> +#define BAD_IRQ_NUM	-1

That should be 0; Using -1 for invalid IRQ is deprecated.

> +static int bmc2835_domain_xlate(struct irq_domain *d, struct device_node *np,
>  	const u32 *intspec, unsigned int intsize,
>  	unsigned long *out_hwirq, unsigned int *out_type)
>  {
> -	if (WARN_ON(intsize != 2))
> +	unsigned int hwirq;
> +	if (WARN_ON(intsize != 2 || intspec[0] >= NR_BANKS || intspec[1] >= 32))
>  		return -EINVAL;

There should be a blank line between variable declarations and code.

> +	hwirq = ctrlr.hwirq_xlat[MAKE_HWIRQ((intspec[0] + 2) % 3, intspec[1])];
> +	if (WARN_ON(hwirq == BAD_IRQ_NUM))
>  		return -EINVAL;

I'd prefer to see "(intspec[0] + 2) % 3" be a macro or static inline
function so it can be given a name (e.g. dt_to_internal_bank()) so it's
obvious what that's doing. Otherwise, it seems rather confusing.

I'm not sure why a hwirq_xlat table lookup is needed; why not just
return the HW IRQ number directly like the existing code?

> +static void bmc2835_mask_irq(struct irq_data *d)
>  {
> +	void __iomem *ioreg = ctrlr.iobase + 0x1c + (HWIRQ_BANK(d->hwirq) << 2);
> +	u32 bit = HWIRQ_BIT(d->hwirq);
> +	writel_relaxed(bit, ioreg);
> +}

The old code seems a lot simpler here, since there aren't any magic
constants in the code, but rather simply a table of register addresses
that's indexed by bank number:

> static int reg_disable[] __initconst = { 0x24, 0x1c, 0x20 };
> static void armctrl_mask_irq(struct irq_data *d)
> {
>         writel_relaxed(HWIRQ_BIT(d->hwirq), intc.disable[HWIRQ_BANK(d->hwirq)]);
> }

What's the benefit of this change? A similar comment for

> +static struct irq_chip bmc2835_chip = {
> +	.name = "bmc2835-level",
> +	.irq_mask = bmc2835_mask_irq,
> +	.irq_unmask = bmc2835_unmask_irq,
> +	.irq_ack =  bmc2835_mask_irq,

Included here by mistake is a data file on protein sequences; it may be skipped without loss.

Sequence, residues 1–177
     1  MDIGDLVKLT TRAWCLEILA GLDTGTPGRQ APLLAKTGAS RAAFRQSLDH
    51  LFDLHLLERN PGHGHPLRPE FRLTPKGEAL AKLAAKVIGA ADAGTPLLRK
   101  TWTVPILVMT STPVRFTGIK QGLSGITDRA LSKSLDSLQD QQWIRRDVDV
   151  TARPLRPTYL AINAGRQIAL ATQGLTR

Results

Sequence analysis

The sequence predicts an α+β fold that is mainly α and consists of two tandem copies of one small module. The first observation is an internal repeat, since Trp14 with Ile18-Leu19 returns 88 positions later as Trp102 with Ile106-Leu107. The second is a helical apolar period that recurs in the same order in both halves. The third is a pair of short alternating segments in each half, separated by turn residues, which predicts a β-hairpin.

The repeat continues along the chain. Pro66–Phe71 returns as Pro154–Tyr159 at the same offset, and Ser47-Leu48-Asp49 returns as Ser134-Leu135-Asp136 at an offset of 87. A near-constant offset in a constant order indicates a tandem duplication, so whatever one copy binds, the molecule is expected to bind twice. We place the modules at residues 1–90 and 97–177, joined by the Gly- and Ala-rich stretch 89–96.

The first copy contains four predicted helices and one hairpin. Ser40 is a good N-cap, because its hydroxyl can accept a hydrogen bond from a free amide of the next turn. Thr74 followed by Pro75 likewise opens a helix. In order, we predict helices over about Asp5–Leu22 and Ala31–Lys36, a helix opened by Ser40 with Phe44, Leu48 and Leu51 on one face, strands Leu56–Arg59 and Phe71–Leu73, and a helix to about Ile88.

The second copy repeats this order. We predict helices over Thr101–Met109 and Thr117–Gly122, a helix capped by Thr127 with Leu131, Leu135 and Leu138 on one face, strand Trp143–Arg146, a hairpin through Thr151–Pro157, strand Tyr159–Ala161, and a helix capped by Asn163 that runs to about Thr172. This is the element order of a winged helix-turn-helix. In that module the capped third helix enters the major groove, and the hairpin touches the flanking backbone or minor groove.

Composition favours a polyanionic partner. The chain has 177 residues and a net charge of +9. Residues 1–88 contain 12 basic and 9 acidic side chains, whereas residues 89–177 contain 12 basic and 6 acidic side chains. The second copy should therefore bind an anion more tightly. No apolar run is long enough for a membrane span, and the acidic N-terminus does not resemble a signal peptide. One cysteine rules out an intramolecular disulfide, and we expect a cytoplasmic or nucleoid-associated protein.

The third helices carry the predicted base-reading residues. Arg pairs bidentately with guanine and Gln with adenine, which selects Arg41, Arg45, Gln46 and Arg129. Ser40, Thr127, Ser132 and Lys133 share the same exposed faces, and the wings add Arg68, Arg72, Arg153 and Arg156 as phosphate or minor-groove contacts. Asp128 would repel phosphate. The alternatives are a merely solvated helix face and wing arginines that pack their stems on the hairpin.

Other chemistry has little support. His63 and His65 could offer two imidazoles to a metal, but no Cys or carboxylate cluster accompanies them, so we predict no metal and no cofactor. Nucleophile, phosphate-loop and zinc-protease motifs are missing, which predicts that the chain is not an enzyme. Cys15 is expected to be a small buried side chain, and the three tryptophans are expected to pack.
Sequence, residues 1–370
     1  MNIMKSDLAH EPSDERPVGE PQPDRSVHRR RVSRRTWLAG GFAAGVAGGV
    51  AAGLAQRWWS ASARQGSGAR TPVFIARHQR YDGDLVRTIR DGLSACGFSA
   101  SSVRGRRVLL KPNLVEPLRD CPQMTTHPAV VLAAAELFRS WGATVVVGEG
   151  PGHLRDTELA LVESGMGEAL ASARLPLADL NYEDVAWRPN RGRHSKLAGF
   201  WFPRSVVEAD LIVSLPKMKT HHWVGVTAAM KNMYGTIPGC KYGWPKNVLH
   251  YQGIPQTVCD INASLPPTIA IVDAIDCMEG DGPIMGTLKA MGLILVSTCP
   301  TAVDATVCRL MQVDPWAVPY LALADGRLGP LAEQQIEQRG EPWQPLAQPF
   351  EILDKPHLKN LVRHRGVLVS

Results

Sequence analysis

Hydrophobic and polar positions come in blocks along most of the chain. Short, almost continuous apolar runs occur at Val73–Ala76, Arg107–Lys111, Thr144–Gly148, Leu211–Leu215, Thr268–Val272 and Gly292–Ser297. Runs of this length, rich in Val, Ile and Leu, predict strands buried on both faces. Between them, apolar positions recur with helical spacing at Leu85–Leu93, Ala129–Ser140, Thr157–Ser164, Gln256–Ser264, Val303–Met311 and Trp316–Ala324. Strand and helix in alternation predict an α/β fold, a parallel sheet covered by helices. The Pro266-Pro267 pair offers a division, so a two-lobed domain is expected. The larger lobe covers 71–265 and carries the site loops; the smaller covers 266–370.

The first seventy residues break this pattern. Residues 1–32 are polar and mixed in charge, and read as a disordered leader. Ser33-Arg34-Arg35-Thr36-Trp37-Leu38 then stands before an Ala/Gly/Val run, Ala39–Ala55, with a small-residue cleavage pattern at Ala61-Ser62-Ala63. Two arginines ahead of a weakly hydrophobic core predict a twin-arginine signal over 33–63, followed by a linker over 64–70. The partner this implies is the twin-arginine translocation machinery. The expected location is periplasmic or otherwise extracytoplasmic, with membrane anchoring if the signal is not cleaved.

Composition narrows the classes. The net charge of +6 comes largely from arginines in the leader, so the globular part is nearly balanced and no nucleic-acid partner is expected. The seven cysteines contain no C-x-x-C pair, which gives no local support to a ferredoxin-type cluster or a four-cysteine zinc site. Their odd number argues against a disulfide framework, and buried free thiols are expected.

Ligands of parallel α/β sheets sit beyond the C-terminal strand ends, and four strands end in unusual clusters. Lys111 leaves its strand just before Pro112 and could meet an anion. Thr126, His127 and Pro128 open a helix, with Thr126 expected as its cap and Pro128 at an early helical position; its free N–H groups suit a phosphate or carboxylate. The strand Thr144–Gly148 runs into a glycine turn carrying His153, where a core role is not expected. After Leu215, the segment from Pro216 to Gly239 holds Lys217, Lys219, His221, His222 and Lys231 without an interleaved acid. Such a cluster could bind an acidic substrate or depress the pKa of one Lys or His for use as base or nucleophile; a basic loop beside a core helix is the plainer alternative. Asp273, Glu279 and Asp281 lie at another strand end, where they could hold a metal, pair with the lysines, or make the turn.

> +};

Why should an IRQ be masked by the ack operation?

> +/**
> + * bmc2835_dispatch_irq() - translate bank/bit to kernel IRQ and dispatch
> + * @bank:	Register bank (BASE, GPU1, or GPU2).
> + * @bits:	Pending interrupt status bits.
> + * @regs:	register pointer passed on to the handler.
> + *
> + * The bits passed are the full set of bits read from register.  Only the lowest
> + * order bit is translated and dispatched. Dispatching the other IRQs requires
> + * re-reading the register and calling this function again.

I'm not actually sure that's a good change. If we read e.g. PEND1 and
saw 4 bits asserted, why wouldn't we optimize by handling each of those
4 bits. Re-reading the PEND1 register for each bit, and presumably
seeing the exact same set of remaining bits still set (or even more),
just seems like a waste. We know we're going to have to process all the
interrupts, so why not just process them?

> +static int __init bmc2835_of_init(struct device_node *node,

> +	for (i = 0; i != NR_CHIP_IRQS; i++) {
> +		int irq;
> +		BUG_ON((irq = irq_create_mapping(ctrlr.domain, i)) <= 0);

I rather dislike statements with assignment side-effects. That was a
separate assignment and test statement in the original code, which seems
much clearer.

Overall, I'm not sure what bug/issue in the original code this patch is
meant to solve, nor why the new IRQ ID scheme is better. Sorry.